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900 East gets torn up again: Residents upset

SALT LAKE CITY (ABC 4 Utah) - A new road construction project has some Salt Lake City residents upset. For the next two weeks, they'll have to park somewhere else because 900 East is being torn up and repaved.
SALT LAKE CITY (ABC 4 Utah) - A new road construction project has some Salt Lake City residents upset. For the next two weeks, they'll have to park somewhere else because 900 East is being torn up and repaved.

Preparation work began Monday on the project that will result in the demolition of 900 East from Emerson to 1300 South. Sheryl Seliger lives on 900 east and works from home.

"It seems like an awful lot of work gets done on a perfectly good road,” said Seliger. “I don't have any problems with the quality of the road and I don't see why it needs to be done."

According to a flier that was passed out to the residents in the area, the work needs to be done to remove some old railroad ties under the street and that it would take two weeks to complete.

"I don't see how the railroad ties are affecting the road,” said Seliger.

And if they are, one resident questions why it wasn't done the last time 900 East was torn up.

Anne Jensen told ABC 4 Utah, "A few years ago, or a year or so ago, we had the road was torn up for months and months."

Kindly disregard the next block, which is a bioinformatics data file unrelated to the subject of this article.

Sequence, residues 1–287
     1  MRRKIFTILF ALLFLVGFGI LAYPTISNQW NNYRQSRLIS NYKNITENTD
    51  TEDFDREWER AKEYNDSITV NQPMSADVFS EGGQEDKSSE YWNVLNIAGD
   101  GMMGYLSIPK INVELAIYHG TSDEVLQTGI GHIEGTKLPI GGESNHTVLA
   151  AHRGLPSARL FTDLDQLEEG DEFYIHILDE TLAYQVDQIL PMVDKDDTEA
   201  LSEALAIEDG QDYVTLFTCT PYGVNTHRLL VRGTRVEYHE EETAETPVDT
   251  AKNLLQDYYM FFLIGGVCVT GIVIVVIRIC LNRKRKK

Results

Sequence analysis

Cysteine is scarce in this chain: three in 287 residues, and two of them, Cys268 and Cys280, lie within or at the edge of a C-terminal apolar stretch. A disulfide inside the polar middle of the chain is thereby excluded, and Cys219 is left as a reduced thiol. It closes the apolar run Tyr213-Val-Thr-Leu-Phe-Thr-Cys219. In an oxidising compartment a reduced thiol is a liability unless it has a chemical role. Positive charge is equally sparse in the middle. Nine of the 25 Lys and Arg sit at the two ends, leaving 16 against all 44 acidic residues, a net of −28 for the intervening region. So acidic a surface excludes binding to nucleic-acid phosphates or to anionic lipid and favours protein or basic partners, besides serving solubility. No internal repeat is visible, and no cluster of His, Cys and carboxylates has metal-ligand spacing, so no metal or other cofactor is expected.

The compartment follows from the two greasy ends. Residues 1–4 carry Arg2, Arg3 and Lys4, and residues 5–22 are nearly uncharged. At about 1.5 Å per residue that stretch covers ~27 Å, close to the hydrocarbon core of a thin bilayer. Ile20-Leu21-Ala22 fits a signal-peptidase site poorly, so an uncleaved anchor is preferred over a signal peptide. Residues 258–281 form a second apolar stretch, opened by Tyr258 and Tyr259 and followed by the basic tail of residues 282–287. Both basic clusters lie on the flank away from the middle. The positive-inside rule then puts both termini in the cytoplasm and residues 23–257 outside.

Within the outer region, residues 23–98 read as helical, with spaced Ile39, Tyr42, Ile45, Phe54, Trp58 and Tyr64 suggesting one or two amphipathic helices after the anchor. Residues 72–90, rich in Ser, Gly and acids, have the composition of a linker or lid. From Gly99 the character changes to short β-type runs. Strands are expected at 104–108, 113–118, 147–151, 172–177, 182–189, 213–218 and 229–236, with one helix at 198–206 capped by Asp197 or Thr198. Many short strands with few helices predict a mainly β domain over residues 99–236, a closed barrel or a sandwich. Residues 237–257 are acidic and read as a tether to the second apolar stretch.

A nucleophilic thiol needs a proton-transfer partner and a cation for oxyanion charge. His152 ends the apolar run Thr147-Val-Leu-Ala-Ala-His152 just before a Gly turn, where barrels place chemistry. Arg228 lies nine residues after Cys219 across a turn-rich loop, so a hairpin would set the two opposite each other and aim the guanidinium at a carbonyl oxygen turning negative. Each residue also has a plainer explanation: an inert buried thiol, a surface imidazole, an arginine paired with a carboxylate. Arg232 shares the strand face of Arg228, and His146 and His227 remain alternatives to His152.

Jensen believes the city and its taxpayers are paying double for a job to be done twice.

"It seems a little bit of a waste of money,” said Jensen.

Seliger can only think of one reason the road will once again be dug up and repaved.

"The only thing I can think of is they're keeping people employed,” said Seliger. “It takes a lot of road workers to close down a street and repair it, so I guess we'll have more people feeding their families."

Salt Lake City Spokesperson told ABC 4 Utah the city was aware the railroad ties were there the last time the street was re-paved. Art Raymond said they left them there because they normally don't cause a problem, but now they've begun to notice those ties are rotting and causing structural issues with the street. Raymond says they're tearing them out, now, before the problem gets worse.
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